To caption or not to caption?

I used to write long captions for my photos. It could take me hours to decide a title or a story that could make the image more compelling on social media. Even if the street-scene or the gestures of the portrait spoke for themselves I always felt the need to say something. I don’t know if it was an habit I learned from journalism –always give context, they say– but I felt that a photo without words was like an abandoned creature. This is an example:

Two young women approached Dimitri on Coney Island’s beach. –Are you a man or a woman?,– asked one of them. -I’m a man,– he replied gently. –But you look like a woman. Do you have a dick down there?,– asked the second one pointing to Dimitri’s red thong. –Yes, I do,– said Dimitri with a smile, enjoying their confusion. –But when you have sexual intercourse, do you do it with men or with women?,– asked the first one. –With women, I love women, I do not take men. But I like to look like this,– answered Dimitri with his deep voice and strong Russian accent. –I’ve heard about it,– said the first woman– it’s called the ‘middle sex’ isn’t it? –Not precisely. But you could call it third sex: Not man, not woman. Postmodernism declared that genders are equal, there’s no distinction… –I see– interrupted the second woman, not interested in having philosophical discussions on a beautiful sunny day–: You’re “in between.” –Categories like “men and women,” “black and white,” are ways that those in power use to distract and divide people. That’s why traditionally men get together with men, women with women, blacks with blacks, and they’re easier to control. I don’t believe in those categories. I challenge them… The young women were not there to understand, and they left after taking photos of Dimitri with their phones. Had they asked a couple questions more and maybe he would have told them that he’s “more than forty years old”; that he’s a blogger and activist; that he’s a convinced socialist who came to New York one decade ago to experience and understand capitalism; that he loves a Russian popular tale about a prince who makes miracles and is admired and loved by its people even though he’s androgynous… He told me his stories with Coney Island’s iconic wonder wheel on the background. I love the symbolism of the wheel: Everything revolves around the same point, all that goes up comes down, time is circular, life is a permanent transformation. It was an appropriate place to portray Dimitri.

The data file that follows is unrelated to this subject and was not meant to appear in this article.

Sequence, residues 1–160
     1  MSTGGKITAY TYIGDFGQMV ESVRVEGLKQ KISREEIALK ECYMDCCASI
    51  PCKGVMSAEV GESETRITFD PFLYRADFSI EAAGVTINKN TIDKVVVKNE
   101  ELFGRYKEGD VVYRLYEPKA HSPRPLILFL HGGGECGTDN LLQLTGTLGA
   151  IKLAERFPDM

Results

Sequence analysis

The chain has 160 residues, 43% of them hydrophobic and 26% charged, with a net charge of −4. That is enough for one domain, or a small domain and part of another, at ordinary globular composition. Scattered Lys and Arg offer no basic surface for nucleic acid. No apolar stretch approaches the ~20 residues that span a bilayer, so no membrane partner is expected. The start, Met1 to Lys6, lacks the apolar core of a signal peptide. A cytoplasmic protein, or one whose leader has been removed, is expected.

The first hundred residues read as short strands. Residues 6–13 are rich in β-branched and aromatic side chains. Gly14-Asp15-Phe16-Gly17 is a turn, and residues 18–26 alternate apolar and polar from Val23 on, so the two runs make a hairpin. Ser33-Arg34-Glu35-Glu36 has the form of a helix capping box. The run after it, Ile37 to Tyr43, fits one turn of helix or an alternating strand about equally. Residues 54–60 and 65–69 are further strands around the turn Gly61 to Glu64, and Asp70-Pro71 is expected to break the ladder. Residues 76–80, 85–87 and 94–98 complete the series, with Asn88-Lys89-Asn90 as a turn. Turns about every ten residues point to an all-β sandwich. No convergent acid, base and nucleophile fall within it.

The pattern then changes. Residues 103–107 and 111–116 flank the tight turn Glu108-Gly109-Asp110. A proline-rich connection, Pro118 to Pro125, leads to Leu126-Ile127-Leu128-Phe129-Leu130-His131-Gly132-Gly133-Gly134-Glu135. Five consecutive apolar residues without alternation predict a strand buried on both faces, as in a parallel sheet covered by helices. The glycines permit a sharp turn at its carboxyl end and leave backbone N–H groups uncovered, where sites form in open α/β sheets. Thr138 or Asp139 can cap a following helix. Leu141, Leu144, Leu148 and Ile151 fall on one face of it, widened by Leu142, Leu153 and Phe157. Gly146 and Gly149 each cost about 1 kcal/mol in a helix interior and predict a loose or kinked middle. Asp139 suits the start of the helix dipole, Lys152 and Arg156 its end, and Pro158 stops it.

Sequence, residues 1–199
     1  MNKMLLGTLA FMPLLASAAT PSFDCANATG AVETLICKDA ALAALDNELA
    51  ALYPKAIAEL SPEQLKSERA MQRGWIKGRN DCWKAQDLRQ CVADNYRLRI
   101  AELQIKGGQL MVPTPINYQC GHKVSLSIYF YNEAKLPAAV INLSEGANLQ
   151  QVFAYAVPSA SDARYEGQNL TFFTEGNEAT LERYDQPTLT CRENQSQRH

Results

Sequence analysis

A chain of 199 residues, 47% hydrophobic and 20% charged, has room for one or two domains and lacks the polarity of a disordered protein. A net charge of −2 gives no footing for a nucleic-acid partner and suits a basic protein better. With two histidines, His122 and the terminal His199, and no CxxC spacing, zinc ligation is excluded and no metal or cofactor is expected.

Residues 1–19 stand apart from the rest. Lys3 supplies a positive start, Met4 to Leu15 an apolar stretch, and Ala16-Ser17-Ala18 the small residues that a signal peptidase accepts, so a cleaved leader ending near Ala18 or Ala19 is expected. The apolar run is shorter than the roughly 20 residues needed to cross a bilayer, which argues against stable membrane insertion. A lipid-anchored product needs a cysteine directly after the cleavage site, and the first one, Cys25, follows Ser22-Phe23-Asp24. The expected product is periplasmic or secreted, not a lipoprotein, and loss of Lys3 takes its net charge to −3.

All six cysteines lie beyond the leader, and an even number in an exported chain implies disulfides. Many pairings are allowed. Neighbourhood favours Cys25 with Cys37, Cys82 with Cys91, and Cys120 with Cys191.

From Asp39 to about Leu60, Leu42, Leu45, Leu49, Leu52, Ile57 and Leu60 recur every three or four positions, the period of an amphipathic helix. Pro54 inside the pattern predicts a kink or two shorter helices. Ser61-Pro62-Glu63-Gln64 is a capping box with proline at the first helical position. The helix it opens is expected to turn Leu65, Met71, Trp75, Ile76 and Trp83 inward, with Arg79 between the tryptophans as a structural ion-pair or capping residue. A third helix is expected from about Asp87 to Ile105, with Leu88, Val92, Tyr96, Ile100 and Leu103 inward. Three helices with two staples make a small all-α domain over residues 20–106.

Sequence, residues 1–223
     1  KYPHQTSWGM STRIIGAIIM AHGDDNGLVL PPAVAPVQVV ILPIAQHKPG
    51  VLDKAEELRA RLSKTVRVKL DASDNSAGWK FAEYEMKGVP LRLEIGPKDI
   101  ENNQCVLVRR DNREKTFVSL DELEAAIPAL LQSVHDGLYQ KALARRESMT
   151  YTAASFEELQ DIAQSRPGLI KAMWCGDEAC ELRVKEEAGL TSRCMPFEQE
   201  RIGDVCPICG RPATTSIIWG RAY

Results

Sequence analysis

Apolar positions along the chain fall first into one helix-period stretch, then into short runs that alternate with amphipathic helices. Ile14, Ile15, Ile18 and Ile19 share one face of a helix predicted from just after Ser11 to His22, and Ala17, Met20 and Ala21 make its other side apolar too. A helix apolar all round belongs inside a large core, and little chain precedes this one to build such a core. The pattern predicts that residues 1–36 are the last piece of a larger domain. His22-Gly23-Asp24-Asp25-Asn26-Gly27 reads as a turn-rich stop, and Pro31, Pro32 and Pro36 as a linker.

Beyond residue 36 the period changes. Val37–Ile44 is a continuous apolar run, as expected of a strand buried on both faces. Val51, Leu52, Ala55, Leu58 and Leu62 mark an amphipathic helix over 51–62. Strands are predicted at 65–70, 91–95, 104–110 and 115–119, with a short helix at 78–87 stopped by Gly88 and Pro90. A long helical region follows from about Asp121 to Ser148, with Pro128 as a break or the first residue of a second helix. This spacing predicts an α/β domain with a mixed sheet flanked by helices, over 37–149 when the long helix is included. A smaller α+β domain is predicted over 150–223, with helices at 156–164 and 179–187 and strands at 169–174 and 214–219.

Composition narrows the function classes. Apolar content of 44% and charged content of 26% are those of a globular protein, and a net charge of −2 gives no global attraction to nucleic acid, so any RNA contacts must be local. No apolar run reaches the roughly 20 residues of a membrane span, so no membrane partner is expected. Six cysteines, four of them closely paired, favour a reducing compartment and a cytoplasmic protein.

A photo posted by Jorge Caraballo Cordovez (@caraballocordovez) on May 21, 2016 at 9:10am PDT


I recently stopped doing that. Now I use very short and explicit captions like “Couple in The Bronx,””Sunset in Queens,” or “Q Line.” The main reason is time: It was taking me a whole night to post a single image on Instagram. The other reason is that I believe that the visual language should be independent from the verbal one, and I don’t want to condition the perception of the viewers. I found support on this blog post of the street photographer Eric Kim, who says that:

By telling too much information of a photograph, you close off the image. You don’t leave it up to interpretation. It becomes less interesting or puzzling to the viewer.

However, now I’m not so sure about avoiding well elaborated captions. The reason of my doubts is the essay of Walter Benjamin that we recently read in class. In A short history of photography, Benjamin gave a significant importance to the caption as an element that prevents photos to be a simple play of associations. In a world where photos are reproduced en masse with commercial intentions, photography as an art should become a construction of meaning. And there’s where the caption comes in. To him, the caption can become “the most important part of the shot” because it offers the reading of the photographer and it’s a way of naming what he/she wants to express. In a context flooded by images, the photographer must know how to verbally articulate why yours is meaningful. 

What do you think about that? He wrote the essay in the 1930s. Do you think that his idea is still valid in our context? Honestly, I don’t know. What I know is that I’m exploring again with captions that are not too long, but that try to point what I think is the most interesting aspect of the photo.

Casual encounters with red | Encuentros casuales con el rojo

A photo posted by Jorge Caraballo Cordovez (@caraballocordovez) on Sep 21, 2016 at 4:18am PDT


The question is open. I will be posting examples of photographers who use captions in the way that Benjamin suggested.


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